From Badness to Meanness: Popular Constructions of Contemporary Childhood

Meda Chesney-Lind, University of Hawaii at Manoa
Katherine Irwin, University of Hawaii at Manoa

This paper discusses of popular constructions of contemporary girlhood and, more specifically, with a vivid account of the "alpha girl" and "queen bee" stereotype that has recently dominated popular discussions of girlhood. While attracting readers with a summary of popular constructions of girls' meanness, the chapter offers a carefully constructed critique of these perspectives by suggesting that journalists, psychologists, and popular non-fiction writers have failed to address the issue of social power. We attempt to correct this void in current debates by comparing the current mean girl scare to past constructions of bad girls. We highlight our argument of social power by outlining the way that historic images of bad girls are often racialized and steeped in class conflicts. Thus, the stereotype of violent, lower-class, black and Latina gangbangers of the 1980s and 90s is traced to the mean girl construction of the clique oriented, white and middle class girl of the early twenty-first century.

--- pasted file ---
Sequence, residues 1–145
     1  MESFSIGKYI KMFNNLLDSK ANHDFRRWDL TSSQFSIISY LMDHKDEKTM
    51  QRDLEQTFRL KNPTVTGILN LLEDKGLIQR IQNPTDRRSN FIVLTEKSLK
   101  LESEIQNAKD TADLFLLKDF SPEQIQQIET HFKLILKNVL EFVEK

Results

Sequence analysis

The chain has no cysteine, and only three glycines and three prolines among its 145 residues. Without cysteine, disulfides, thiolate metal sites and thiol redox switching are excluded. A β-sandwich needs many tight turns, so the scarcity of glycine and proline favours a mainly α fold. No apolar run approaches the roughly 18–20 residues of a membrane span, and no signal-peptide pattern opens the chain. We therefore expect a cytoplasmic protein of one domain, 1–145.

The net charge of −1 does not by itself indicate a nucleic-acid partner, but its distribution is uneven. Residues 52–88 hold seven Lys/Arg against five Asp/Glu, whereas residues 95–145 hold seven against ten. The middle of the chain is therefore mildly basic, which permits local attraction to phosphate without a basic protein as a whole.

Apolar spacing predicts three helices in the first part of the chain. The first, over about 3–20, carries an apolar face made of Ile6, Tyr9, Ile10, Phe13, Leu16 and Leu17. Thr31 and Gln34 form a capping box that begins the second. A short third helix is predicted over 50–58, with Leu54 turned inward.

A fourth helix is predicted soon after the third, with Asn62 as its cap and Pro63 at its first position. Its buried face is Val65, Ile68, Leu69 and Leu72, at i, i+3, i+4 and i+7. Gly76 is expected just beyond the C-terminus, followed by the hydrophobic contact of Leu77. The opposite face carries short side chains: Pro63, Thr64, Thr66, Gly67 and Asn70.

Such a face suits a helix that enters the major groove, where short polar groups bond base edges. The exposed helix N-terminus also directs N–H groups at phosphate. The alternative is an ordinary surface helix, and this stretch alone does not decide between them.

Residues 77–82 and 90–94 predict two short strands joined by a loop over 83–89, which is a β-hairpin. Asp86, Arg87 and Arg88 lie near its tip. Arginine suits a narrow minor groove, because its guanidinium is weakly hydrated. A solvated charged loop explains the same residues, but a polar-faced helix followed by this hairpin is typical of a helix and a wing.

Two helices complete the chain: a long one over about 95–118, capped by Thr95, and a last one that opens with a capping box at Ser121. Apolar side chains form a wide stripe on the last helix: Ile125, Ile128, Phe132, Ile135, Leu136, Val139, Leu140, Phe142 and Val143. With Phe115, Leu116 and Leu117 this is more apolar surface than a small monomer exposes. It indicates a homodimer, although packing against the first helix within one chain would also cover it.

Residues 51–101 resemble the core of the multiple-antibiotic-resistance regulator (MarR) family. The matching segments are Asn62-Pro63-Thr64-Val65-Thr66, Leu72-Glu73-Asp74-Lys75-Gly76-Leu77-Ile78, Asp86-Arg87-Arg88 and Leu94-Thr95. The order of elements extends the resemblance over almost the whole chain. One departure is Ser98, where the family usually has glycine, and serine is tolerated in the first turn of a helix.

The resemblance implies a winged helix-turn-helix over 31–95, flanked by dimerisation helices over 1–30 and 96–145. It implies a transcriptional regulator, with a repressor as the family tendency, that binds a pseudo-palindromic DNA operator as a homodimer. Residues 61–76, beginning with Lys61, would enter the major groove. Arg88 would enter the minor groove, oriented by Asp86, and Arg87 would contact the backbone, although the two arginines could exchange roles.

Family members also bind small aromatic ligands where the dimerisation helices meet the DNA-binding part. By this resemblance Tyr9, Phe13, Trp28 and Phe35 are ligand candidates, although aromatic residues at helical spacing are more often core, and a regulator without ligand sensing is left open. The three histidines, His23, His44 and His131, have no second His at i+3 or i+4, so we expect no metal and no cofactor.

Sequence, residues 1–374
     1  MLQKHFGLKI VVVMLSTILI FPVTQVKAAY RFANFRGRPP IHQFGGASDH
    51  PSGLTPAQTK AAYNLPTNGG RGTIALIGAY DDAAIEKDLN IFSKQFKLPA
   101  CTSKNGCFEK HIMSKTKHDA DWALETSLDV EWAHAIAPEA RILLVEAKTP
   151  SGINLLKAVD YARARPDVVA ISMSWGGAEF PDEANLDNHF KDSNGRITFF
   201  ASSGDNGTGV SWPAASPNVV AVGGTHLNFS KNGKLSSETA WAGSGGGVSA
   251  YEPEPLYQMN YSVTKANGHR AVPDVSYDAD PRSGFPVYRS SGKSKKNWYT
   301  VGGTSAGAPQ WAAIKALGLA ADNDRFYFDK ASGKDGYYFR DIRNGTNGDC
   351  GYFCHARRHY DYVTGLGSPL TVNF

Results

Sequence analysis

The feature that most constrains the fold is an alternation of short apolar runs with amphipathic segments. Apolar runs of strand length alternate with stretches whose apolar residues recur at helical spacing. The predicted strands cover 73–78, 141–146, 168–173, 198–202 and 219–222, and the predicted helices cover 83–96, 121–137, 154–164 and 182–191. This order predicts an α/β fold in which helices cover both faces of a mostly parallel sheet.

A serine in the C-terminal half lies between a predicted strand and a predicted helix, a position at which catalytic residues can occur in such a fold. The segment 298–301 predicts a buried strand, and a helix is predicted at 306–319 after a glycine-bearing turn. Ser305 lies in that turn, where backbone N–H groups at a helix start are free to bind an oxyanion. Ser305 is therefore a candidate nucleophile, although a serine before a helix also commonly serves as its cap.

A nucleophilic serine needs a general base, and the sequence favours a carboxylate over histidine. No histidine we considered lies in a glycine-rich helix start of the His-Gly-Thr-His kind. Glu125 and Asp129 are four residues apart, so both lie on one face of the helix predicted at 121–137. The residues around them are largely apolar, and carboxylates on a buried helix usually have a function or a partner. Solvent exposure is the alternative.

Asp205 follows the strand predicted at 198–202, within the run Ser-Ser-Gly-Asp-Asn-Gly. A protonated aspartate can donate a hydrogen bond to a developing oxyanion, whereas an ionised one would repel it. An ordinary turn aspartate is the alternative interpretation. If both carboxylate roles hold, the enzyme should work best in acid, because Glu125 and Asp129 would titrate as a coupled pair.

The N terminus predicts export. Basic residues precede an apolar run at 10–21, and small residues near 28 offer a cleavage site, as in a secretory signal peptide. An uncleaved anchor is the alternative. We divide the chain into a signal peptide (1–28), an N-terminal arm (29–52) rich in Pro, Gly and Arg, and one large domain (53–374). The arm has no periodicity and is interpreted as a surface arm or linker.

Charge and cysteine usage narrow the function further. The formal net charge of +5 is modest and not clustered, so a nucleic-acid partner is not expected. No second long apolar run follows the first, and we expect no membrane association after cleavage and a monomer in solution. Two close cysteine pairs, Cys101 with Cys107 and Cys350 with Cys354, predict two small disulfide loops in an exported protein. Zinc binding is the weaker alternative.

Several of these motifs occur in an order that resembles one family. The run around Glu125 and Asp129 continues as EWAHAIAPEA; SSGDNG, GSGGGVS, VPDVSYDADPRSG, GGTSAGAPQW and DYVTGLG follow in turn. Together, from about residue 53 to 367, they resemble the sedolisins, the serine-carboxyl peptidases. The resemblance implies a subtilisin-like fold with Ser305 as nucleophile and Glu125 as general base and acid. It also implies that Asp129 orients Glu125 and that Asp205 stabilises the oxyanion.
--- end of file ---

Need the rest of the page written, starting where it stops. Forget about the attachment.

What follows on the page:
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Updated 05/20/2006